Classic frittata recipe (with smoked salmon, fresh corn, and herbed goat cheese)
A frittata is a beautiful, easy meal to make. Combine eggs with meats, vegetables, herbs, cheese, or pretty much any other prepared ingredient you have around, and within 20 minutes you have a delicious, healthy, fancy-seeming meal. As an added bonus it’s perfect for making ahead, since you can wrap and freeze it for up to 1 month or at the very least save the leftovers (which are equally good room temperature or warm) for breakfast or lunch the next day. (A slice of frittata and some bread make a pretty delicious sandwich, I might add.)
And this is exactly the sort of dish I’ve been thinking about a lot lately. I’ve mentioned on the site before that I’ve been putting together a guide to these sorts of basic, foundational recipes, all of which act as a backbone or a stage for whatever vegetables, proteins, grains, or other items I happen to have in my kitchen or that look good at a market stand. These recipes make it easy to eat seasonally and help me avoid the sort of puzzle-piecing anxiety that results from grocery shopping without a plan in mind, and for most people having these sorts of recipes around can open a new world of quick, easy, healthy home-cooked meals. I love to talk about these sorts of “anything goes” recipes because they do wonders at making people more interested in cooking, more comfortable in the kitchen, and more at-ease with letting go of recipes and diverging from planned-out shopping lists.
I’ve taught a lot of classes over the last few years and have engaged with a lot of folks who often feel uncomfortable, limited, or at the very least uninspired in the kitchen. They often feel that cooking takes too much planning and too much work, and it generally leads to eating out or buying pre-packaged food more than they’d like. They wish they felt comfortable picking up whatever looked best or had the best price at the grocery store or the farmers’ market, and they wish they ate more seasonally, but without a specific meal plan and shopping list they feel too overwhelmed.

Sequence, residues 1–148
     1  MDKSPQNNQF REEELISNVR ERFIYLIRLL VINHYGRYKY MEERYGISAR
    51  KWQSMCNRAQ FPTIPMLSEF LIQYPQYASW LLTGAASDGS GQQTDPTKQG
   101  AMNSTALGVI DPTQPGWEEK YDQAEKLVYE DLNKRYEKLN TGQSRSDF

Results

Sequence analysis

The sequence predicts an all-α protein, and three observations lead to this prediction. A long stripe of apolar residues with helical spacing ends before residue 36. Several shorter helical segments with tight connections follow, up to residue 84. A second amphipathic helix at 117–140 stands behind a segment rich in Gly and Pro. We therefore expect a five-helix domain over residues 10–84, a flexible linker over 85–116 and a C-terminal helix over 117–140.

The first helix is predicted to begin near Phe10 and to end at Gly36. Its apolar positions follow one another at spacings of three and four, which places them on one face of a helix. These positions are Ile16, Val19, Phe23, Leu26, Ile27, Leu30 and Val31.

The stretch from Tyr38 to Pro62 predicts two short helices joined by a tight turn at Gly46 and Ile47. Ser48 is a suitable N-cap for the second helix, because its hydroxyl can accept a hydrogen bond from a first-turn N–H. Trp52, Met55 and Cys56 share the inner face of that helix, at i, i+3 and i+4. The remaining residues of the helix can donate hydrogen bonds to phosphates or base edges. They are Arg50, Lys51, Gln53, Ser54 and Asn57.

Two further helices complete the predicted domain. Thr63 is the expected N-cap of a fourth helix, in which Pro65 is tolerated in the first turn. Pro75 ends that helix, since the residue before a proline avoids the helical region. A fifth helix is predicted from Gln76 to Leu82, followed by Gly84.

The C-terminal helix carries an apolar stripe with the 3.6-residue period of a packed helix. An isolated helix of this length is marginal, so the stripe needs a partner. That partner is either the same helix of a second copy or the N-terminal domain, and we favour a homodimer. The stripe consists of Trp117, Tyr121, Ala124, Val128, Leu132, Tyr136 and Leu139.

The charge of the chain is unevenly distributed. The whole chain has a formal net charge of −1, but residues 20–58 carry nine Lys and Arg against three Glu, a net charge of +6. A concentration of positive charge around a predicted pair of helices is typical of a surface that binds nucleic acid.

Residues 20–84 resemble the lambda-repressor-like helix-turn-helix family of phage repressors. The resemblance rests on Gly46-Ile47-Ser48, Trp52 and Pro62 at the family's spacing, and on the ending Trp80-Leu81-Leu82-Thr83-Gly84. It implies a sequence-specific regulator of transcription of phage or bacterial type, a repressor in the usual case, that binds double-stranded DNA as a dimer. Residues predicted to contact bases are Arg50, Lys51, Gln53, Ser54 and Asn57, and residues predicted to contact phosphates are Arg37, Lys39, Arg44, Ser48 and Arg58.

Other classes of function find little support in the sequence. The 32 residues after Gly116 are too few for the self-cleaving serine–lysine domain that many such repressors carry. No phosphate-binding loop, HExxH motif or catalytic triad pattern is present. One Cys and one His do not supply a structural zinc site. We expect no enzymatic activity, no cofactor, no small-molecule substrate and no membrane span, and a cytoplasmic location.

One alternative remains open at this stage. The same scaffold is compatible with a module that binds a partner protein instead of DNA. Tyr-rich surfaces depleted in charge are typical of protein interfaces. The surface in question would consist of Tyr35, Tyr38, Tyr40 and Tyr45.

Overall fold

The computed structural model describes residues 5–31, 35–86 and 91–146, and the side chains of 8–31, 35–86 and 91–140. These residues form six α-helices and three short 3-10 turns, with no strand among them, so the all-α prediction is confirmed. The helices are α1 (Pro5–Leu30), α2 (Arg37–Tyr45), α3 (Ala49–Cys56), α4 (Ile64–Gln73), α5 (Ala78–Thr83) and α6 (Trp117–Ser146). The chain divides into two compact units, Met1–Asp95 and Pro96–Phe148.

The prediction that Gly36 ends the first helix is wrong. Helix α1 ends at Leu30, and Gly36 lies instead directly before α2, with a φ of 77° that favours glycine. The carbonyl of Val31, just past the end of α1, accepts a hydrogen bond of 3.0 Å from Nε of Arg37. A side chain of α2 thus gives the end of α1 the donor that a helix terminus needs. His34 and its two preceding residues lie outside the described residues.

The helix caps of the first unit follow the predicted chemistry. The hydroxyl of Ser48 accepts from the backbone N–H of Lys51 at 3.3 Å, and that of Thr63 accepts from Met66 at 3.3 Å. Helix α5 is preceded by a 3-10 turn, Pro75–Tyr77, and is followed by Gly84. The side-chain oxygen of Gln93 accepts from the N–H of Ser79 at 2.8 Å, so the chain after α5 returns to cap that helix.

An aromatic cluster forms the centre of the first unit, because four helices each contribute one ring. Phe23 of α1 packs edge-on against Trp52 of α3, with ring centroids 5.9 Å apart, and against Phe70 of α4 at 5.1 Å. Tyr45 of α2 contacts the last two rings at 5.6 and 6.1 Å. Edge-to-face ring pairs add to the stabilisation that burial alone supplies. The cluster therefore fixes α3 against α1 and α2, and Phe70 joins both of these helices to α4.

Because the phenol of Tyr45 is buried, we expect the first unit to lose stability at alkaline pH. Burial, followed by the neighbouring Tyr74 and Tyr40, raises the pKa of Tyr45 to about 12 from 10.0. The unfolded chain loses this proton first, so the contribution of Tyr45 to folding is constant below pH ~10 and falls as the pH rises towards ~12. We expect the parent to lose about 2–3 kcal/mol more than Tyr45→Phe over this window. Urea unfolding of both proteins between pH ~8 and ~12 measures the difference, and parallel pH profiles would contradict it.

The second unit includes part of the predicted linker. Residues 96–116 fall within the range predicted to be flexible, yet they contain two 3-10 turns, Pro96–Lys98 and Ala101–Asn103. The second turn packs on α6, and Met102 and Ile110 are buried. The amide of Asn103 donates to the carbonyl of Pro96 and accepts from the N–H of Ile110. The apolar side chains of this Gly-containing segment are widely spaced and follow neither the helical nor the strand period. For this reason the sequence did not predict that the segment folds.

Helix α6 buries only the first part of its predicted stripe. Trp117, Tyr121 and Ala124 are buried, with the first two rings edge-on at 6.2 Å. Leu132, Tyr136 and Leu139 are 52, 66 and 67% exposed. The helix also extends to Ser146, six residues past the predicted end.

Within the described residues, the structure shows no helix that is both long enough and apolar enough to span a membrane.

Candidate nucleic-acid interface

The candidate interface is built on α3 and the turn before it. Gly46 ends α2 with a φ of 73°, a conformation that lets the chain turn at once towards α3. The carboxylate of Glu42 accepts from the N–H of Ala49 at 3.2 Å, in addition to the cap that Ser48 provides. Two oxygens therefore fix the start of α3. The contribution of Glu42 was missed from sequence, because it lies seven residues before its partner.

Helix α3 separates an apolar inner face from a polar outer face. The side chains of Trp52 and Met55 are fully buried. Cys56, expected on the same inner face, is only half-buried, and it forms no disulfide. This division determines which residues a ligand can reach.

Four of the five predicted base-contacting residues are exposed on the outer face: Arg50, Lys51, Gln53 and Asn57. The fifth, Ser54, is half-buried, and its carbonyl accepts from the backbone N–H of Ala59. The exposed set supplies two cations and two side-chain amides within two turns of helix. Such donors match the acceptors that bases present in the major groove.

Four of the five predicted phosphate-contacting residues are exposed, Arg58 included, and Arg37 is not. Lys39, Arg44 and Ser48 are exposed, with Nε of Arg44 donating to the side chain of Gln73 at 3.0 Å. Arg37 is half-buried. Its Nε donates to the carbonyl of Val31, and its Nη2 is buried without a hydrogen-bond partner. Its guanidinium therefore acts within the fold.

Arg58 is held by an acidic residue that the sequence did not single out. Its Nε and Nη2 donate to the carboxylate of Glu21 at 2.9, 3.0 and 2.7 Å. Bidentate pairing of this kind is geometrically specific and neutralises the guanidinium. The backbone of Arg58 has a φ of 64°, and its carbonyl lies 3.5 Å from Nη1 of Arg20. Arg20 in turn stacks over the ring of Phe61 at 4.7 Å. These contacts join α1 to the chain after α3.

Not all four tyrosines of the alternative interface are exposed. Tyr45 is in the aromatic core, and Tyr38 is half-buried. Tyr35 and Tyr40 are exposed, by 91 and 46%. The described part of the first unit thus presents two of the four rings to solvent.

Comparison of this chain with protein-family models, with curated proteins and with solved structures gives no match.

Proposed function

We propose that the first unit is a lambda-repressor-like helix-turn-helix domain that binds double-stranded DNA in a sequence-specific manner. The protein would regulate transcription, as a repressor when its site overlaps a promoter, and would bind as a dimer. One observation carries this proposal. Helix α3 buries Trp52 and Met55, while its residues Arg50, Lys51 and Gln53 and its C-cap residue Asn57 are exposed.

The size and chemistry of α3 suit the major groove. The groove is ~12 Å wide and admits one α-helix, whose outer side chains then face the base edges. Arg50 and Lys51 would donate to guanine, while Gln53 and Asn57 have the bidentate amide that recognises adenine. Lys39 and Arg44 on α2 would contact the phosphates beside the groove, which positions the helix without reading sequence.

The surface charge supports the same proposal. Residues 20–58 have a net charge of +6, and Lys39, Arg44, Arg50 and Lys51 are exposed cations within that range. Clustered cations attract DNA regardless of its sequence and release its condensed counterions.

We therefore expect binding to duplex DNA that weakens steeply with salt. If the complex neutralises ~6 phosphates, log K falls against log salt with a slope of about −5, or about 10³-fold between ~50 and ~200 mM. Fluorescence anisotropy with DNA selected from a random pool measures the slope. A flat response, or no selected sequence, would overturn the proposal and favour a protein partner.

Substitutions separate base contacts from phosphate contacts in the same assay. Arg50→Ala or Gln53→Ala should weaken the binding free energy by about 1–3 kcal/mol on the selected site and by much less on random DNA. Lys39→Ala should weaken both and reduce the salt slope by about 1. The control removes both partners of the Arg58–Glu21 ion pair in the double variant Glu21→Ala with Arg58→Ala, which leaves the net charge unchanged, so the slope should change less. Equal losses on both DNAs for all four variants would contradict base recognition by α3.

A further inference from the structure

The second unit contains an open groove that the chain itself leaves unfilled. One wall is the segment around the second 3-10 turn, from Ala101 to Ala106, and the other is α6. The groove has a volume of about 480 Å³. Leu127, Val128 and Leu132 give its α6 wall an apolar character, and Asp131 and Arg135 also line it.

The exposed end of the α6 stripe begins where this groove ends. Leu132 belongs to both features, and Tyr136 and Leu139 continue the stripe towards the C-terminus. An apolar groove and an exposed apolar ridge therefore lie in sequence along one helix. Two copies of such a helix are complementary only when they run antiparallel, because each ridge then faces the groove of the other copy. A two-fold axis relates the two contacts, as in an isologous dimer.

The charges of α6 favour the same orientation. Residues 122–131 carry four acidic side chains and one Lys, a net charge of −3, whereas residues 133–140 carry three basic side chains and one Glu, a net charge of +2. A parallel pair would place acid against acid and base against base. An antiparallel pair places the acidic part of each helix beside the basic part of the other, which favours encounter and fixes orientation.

I can absolutely relate to this – there have been times at a farmers’ market where I’ve found myself trying puzzle-piece together everything I want to buy, wracking my brain to remember what’s in certain recipes and trying make sure I don’t end up with too much or too little to get me through to the next market day.
But what’s changed this process for me is having these sorts of recipes in mind and keeping my kitchen stocked with the basic ingredients – mostly dry pantry ingredients like starches, greens, and beans, along with basic perishable ingredients like eggs, milk, butter, herbs, onions, garlic, and some sort of cheese. (Which reminds me that many moons ago I started working on a pantry guide for this site, and should bring that out again …) So far on this site I’ve talked about polenta, risotto, improvisational main-dish salads, and my all-time favorite “best-ever lentils,” each of which can combined with just about any sauce, stew, vegetable, protein (meats, fish, eggs, etc.), or other options to make a full and delicious meal, and now I can add frittata to that list. I didn’t plan this one ahead of time at all, but looked around my kitchen and noted things I had – a few ears of corn I had purchased at the market with no plan in mind; some smoked salmon; and a small piece of basic, inexpensive goat cheese. We almost always have eggs and herbs in the house, and in 20 minutes I had enough for dinner and lunch for the two of us.
Before we get to the recipe, let’s talk about fillings for a moment. You really can almost anything into a frittata, but the main rule of thumb is to put in things prepared in a way that you would otherwise eat them. Meaning: If you would usually eat it raw (e.g. tomatoes, fresh corn), put it in raw. If you would usually eat it cooked (e.g. sausage, ham, mushrooms, onions), cook and season it as if you were eating it on its own. (The exception to this rule is that something that will cook with only a bit of heat – like fresh or frozen peas, or thinly sliced zucchini – can be put in raw.)